20/1 - I was surprised to find that I really enjoyed this. It was a little light on the romance and a little heavy on the preachiness. So, really late in the story Parker and Rainie have sex and continue to do so frequently for at least a couple of weeks, but then Rainie says that she doesn't want to move in with Parker until they are married, that the real Rainie would never live with a man without being married to him, despite the fact that it would be beneficial to her safety if she were living at the secure ranch instead of her rundown apartment. She's happy to keep sleeping with him at her apartment because their being sneaky about it, but if she moves in with him that will be like shoving their already consummated relationship in everyone's face. This sounds more than a little hypocritical to me and I hate hypocrisy, even in fictional romances. That is why I was surprised to enjoy this enough to read all night till 4:30 the next morning, leaving only 64 pages to read today.
Rainie Hall was desperate! If she didn’t escape her abusive husband, Peter Danning, she was certain he would kill her, perhaps in the same way that he murdered his other two wives. Rainie’s friends help her and she flees to the small town of Crystal Falls, Oregon, a place where she hopes Peter will never find her.
With her borrowed funds rapidly dwindling, Rainie takes a job on a horse ranch run by handsome Parker Harrigan. Harrigan hires her as his accountant, but Rainie’s skittishness puzzles him. She seems to be terrified of her own shadow and men frighten her for some reason. Parker does a background check and quickly realizes most of what is on Rainie’s job application is a lie, a fable meant to deceive him into hiring her.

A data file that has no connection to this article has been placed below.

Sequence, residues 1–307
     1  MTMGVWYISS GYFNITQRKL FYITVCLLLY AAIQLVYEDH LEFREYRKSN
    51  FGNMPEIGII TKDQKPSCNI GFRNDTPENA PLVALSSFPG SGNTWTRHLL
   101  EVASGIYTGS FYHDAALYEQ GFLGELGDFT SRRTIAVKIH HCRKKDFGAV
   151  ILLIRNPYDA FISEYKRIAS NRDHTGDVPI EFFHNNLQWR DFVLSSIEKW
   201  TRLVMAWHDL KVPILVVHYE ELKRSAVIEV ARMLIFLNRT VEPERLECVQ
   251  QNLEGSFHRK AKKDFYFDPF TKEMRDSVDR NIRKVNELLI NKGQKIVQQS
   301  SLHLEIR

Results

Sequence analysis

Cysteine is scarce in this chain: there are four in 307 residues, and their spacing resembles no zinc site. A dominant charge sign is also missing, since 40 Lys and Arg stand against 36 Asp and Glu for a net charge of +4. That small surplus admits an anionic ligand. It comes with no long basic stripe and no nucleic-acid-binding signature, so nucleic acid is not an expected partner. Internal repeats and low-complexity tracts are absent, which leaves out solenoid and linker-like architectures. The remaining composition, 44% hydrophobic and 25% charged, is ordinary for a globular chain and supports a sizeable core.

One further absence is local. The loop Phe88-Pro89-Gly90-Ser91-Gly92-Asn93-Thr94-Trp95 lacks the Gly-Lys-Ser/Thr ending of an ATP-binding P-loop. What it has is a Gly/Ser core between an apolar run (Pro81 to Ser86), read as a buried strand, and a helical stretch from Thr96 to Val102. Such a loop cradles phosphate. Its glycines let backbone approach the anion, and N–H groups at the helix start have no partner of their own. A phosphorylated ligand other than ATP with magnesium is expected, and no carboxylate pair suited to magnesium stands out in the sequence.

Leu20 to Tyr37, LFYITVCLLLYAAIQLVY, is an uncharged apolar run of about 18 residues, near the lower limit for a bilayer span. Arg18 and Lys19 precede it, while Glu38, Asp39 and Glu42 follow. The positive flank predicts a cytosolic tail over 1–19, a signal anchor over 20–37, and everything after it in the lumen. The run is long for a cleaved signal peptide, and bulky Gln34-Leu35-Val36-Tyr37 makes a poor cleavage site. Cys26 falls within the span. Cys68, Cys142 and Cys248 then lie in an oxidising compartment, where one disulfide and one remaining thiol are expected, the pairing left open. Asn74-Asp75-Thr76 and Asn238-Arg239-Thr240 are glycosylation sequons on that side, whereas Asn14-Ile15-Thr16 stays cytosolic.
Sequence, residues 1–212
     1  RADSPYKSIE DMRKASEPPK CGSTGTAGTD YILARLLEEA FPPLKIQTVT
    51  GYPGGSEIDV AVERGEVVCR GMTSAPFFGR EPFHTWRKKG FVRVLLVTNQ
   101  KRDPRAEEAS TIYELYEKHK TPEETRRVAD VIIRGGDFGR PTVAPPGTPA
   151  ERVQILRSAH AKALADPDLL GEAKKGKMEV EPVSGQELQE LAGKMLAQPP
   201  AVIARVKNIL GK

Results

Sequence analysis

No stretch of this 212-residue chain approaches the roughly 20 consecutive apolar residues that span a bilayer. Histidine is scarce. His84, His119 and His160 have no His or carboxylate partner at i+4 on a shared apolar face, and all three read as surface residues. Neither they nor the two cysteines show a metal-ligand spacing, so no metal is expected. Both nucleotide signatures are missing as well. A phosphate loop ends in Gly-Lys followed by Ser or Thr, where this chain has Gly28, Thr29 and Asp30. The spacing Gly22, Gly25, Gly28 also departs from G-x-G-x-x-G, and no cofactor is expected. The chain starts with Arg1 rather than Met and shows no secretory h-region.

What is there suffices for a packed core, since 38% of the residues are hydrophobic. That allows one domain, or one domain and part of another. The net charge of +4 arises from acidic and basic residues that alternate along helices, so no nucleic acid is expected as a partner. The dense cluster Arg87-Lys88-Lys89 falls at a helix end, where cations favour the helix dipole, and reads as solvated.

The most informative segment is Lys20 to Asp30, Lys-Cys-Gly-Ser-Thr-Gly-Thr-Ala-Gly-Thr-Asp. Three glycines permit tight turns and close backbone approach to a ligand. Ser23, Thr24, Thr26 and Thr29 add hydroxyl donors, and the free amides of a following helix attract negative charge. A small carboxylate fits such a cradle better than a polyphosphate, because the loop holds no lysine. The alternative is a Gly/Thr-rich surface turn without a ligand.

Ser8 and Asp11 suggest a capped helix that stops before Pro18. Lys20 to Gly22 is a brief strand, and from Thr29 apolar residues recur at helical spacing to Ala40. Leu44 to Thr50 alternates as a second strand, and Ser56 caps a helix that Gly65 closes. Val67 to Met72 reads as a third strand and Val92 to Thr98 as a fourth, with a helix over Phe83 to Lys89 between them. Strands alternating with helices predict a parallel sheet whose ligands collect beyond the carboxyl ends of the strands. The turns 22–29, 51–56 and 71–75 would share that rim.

Parker is angry and upset with himself for trusting her. He was really beginning to like Rainie and eagerly looked forward to their impromptu discussions. When the truth comes out, however, Parker realizes Rainie is a woman on the run, someone desperately in need of a champion. Chivalrous Parker Harrigan would never turn from a woman in trouble.
Parker and Rainie contact the authorities, who stage an elaborate plan to use Rainie as bait to trap Peter Danning. The FBI has the serial killers’ monikers and present a web of entrapment to fit the profile. Unfortunately, Peter is a serial killer with a twist - a twist that may very well spell the end of both Rainie and Parker. Will Peter succeed in cornering Rainie despite the FBI’s precautions or will Rainie somehow find the strength to fight for her own life and for a love she cannot deny?
Anyone who has been involved in or has witnessed an abusive relationship will identify with the characters in this book. Catherine Anderson has captured the incredible amount of damage that can be done to those victimized by their abusers. The toll goes well beyond the broken bones and bruises and into the psyche itself. Normalcy is twisted into some dull aberration, trust disappears and concept of self is beaten down relentlessly until only a glimmer of the former individual glows in the farthest reaches of the mind. I applaud Ms. Anderson’s portrayal of the slow, gradual healing process as well and the incredible restraint and love that must be shown by those who seek to bring the victims back into the light.
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